I'm referring to the alternate universe in the Netflix series Stranger Things into which the boy Will Byers is transported. Named to describe the underside of the board for the fantasy role-playing game Will and his friends play in his basement, the Upside Down is also a parallel dimension embedded within his own home and hometown of Hawkins, Indiana. After being abducted by an otherworldly creature set loose by the insidious experiments conducted by the scientists and bureaucrats who work at the Department of Energy compound in Hawkins, Will sends messages from the Upside Down to his mother through the electrical system of their tract house, through lights that flash on and off.
Why electricity? And why--of all possible government agencies on which to pin evil--the seemingly benign Department of Energy? My answer to these questions is that the neoliberal present we inhabit--whose own catastrophic end we may now be experiencing--began in many ways with the energy crisis of the 1970s, an era whose dimmed lights helped propel the political rise of Ronald Reagan and the economic rise of Donald Trump.
The flashing lights in Stranger Things begin to make more sense once we consider them alongside two other recent works, both set during the 1977 New York City blackout (a historical event which is beginning to generate an entire syllabus of literary and cultural productions). Compared to the spareness and simplicity of Stranger Things, Garth Risk Hallberg's 2015 novel City on Fire and Baz Luhrmann's 2016 series The Get Down (also on Netflix) are sprawling, over-ambitious mega-productions awash in fireworks and glitter.
The novel and the series might as well be mirror images of each other. The novel's version of the July 13-14 electricity blackout focuses on punk rock and describes the attraction of Upper East Side and Long Island white youth to clubs and squats in then-dingy neighborhoods like the East Village, Chelsea, and the Lower East Side. Luhrmann's series focuses instead on the emergence of hip-hop in a south Bronx neighborhood dominated by landlord-fueled apartment fires, piles of building rubble, and a population of African Americans and Puerto Ricans.
These differences may matter less, however, than the two narratives' shared understanding of the symbolic role of the 25-hour blackout in the decade-long energy crisis that eventually catapulted the United States into the Reagan era and the regime of neoliberalism in whose extreme inequalities and harsh market logic we now find ourselves trapped. The early 1980s evoked with such nostalgia in Stranger Things was in many ways shaped by that preceding crisis, and all three of these creations look back to a pre-neoliberal age as if to try to understand how we got stuck in this soul-sucking other dimension and whether we can now possibly get out.
The Department of Energy was actually created in 1977, the same year as the blackout, by then-President Jimmy Carter with the goal of conserving energy at a time when the world's petroleum reserves, it was believed, would last only a few more years. As gas prices rose and lines at filling stations ran around the block, Carter had the thermostats in government buildings set at temperatures designed to save fuel. In my own childhood tract home, this federal effort translated into my parents' irritatingly persistent reminders to turn the lights off every single time I left a room. Perhaps most memorably, Carter insisted that all Christmas light decorations at the White House be turned off during the final two years of his term: a mandate which the skeins of flashing lights in the early Reagan-era Byers house seem pointedly to challenge.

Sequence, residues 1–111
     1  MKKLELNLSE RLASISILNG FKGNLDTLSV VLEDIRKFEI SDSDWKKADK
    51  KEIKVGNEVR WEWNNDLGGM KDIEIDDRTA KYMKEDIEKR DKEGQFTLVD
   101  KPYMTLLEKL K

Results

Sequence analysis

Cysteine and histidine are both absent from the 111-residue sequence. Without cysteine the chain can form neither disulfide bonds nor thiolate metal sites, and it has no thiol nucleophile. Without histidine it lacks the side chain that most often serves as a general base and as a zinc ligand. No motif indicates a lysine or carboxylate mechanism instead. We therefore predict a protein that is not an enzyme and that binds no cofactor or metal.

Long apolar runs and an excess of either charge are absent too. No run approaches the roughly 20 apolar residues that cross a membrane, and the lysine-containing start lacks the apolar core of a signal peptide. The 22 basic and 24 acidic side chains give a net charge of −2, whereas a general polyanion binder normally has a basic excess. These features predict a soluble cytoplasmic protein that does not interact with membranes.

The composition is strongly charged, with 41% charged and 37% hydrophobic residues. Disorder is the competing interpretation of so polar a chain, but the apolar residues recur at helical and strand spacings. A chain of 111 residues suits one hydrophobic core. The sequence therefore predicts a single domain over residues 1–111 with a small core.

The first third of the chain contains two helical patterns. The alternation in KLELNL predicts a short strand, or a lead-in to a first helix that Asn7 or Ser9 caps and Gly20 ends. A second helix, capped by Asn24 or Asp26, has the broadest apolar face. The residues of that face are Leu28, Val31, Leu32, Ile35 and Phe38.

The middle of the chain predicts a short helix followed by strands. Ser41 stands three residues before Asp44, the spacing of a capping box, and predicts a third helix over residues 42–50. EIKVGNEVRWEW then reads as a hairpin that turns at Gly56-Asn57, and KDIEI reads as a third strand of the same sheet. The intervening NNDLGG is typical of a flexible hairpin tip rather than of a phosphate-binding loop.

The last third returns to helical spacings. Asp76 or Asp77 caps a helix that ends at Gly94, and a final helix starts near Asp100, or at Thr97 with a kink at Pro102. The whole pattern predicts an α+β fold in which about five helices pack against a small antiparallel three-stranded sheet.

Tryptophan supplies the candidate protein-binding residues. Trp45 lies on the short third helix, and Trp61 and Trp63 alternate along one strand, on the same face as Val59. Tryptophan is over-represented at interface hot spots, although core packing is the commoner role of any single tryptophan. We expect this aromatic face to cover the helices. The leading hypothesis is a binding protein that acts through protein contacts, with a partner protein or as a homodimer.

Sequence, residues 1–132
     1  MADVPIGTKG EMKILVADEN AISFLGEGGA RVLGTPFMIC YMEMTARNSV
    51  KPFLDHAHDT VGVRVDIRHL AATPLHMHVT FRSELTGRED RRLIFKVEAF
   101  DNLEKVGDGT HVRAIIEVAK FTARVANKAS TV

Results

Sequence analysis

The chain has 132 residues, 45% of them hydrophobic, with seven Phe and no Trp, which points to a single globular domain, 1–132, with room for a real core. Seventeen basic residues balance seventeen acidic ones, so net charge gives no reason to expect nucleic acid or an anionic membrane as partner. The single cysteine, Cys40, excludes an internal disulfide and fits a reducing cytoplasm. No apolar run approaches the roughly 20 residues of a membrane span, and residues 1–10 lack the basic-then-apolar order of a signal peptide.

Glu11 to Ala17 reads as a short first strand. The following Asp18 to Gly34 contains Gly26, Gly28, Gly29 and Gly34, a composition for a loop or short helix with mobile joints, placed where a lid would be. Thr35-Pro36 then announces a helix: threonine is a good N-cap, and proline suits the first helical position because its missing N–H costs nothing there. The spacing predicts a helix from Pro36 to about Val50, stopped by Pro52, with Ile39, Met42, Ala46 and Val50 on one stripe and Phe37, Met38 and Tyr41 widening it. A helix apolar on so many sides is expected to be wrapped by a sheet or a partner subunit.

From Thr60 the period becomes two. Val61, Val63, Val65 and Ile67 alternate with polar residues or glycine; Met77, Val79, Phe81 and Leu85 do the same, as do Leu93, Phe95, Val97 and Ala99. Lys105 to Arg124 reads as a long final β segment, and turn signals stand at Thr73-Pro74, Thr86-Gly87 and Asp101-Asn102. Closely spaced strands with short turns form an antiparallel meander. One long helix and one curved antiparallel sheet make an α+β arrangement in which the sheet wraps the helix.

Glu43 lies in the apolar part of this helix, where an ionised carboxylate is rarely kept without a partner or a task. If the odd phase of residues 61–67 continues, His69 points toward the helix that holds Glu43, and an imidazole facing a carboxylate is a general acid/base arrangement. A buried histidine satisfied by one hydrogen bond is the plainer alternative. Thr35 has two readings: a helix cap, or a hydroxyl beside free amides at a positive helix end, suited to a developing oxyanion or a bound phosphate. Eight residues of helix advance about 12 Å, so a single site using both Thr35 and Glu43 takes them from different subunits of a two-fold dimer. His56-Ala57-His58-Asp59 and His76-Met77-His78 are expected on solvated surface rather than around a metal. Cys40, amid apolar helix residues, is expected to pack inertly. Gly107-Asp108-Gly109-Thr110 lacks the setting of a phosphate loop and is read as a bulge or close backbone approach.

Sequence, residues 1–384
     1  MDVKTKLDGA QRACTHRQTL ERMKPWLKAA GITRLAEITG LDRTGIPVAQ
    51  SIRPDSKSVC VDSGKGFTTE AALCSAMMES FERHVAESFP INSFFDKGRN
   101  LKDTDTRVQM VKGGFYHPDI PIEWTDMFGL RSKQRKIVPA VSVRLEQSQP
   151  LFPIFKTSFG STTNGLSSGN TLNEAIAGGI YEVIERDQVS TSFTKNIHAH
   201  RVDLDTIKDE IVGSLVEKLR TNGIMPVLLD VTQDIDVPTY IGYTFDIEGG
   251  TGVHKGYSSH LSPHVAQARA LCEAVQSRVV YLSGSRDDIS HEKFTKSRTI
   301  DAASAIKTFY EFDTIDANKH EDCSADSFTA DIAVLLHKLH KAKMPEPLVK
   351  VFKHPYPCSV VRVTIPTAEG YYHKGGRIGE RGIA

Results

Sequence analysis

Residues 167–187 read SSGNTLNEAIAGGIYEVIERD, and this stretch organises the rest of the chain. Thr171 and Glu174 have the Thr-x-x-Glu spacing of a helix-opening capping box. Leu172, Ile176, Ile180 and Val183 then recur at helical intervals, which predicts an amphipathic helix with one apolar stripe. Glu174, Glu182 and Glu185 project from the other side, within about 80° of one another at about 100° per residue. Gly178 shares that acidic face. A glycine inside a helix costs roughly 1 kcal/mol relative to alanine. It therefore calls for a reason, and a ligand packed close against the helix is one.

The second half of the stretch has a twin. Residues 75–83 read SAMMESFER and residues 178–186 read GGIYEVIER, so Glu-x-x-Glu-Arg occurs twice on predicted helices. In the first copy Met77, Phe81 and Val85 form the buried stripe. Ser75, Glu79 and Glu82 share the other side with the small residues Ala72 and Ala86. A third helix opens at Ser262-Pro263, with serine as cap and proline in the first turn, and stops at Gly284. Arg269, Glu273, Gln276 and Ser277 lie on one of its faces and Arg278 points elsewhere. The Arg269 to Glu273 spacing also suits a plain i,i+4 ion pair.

Louis Menand astutely points out in his review of Hallberg's novel that it was on the ashes of New York's 1970s property fires that Donald Trump built his empire. Both City on Fire and The Get Down realize that the energy crisis fueled the kind of real estate development and investment that went on to enrich an elite handful and displace everyone else, poor minorities most of all. After all, who can afford to live in those once punk-infested Manhattan neighborhoods anymore?
Like the cruelly untouchable financier Amory Gould in City on Fire or the self-satisfied millionaire Herbert Gunns in The Get Down (a figure explicitly aligned with controversial city planner Robert Moses)--both of whom take advantage of the city's down-and-out youth culture for their own greedy ends--Trump combined the depressed property values that followed arson-fueled fires in the city with racially biased housing practices to build a whiter and wealthier New York. Thirty years later, this demogorgon has somehow ended up as president-elect of the United States, with a climate change-denying and coal-cheerleading vice president from Indiana--the very state in which the Duffer brothers locate a fictional Department of Energy complex that threatens to suck away the future of an entire generation of youth.
These productions seem to understand that we have to go back to the 1970s to figure out how we got where we are now and what it cost us to get here. They also ask whether some other kind of light went out when the fires stopped burning and the luxury hotels, health clubs, and gleaming towers went up. Did we swap one kind of energy source for another, lights without for a light within? His friends and family retrieve Will Byers, but the last time we see him he's spitting up tiny monster parts into the bathroom sink, secretly possessed of a demogorgon within. What form of energy got left behind on the dance floors, turntables, music clubs, and vogue ballrooms of the 1970s? It feels now as if the lights have gone off in America. There are now all kinds of ways in which we need to Get Down if we want to get ourselves out of the Upside Down.